Bechtel employees on Curtis Island have won the right to take leave next Monday to march in protest against the China Free Trade Agreement.
Last week GLNG deputy site manager Rod Beach attempted to scotch union members’ leave requests by informing supervision that any leave requests already approved were to be unapproved.
Beach said Bechtel would not sanction or authorise any activity relating to the FTA, and required normal, full attendance to “get stuff done”.
A leaked internal email showed Beach said that workers rostered on a 4/1 rotation should not request RDOs outside of their scheduled breaks.
The Federal Circuit Court upheld the claim made by unions that the blanket ban on leave requests on the day of union-organised protests was made in violation of the general protections provisions of the Fair Work Act.
Bechtel agreed to remove the ban on leave requested for Monday 17 August leave and to approve the leave of all workers who had requested it, provided they had leave available and their presence “was not crucial to the operation of the project”.
Bechtel Gladstone general manager Kevin Berg said normal approvals would remain in place after agreement with the unions, and admitted the matter could have been better handled.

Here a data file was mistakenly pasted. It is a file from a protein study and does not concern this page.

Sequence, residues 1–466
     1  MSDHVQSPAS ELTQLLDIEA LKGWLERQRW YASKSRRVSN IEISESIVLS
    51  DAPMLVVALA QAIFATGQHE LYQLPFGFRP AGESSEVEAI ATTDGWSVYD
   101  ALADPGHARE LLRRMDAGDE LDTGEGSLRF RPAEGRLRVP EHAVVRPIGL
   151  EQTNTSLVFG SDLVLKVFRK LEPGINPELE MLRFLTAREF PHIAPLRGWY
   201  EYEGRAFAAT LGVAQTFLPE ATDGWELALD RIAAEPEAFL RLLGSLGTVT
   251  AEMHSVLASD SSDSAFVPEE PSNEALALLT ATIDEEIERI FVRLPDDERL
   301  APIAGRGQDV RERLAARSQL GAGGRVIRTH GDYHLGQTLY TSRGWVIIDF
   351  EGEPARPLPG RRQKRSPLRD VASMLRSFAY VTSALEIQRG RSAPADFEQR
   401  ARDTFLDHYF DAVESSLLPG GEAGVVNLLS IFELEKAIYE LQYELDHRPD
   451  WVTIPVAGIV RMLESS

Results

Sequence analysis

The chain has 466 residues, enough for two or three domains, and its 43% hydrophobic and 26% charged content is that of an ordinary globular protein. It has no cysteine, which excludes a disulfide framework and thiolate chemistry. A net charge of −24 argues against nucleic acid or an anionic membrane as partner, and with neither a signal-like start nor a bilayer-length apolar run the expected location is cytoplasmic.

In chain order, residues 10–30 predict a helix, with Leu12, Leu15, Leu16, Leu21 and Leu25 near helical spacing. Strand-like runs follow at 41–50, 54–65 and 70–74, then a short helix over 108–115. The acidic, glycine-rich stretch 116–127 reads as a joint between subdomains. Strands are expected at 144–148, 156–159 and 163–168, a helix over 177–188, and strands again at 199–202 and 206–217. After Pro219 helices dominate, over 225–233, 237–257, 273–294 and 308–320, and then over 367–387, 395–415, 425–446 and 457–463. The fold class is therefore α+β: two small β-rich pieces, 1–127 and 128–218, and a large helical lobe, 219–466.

"We understand our commuication with respect to approval of leave could have been better in this instance on one of our projects," he said.
The Electrical Trades Union (ETU) said around 250 workers had submitted leave applications by the deadline.
ETU national secretary Allen Hicks said the ruling served as a warning to employers who sought to curtail employees activities outside of work.
“It is disgraceful that we had to pursue legal action to prevent a company interfering with the basic democratic freedoms of its workers,” he said.
“This has put companies on notice that they cannot prevent their employees from taking lawful action in their own time to protest on an issue that affects the lives and livelihoods of millions of working Australians.
“I look forward to gathering with Bechtel workers and others around the Gladstone area to talk about this sub-standard agreement and the threat that it represents to our living standards.”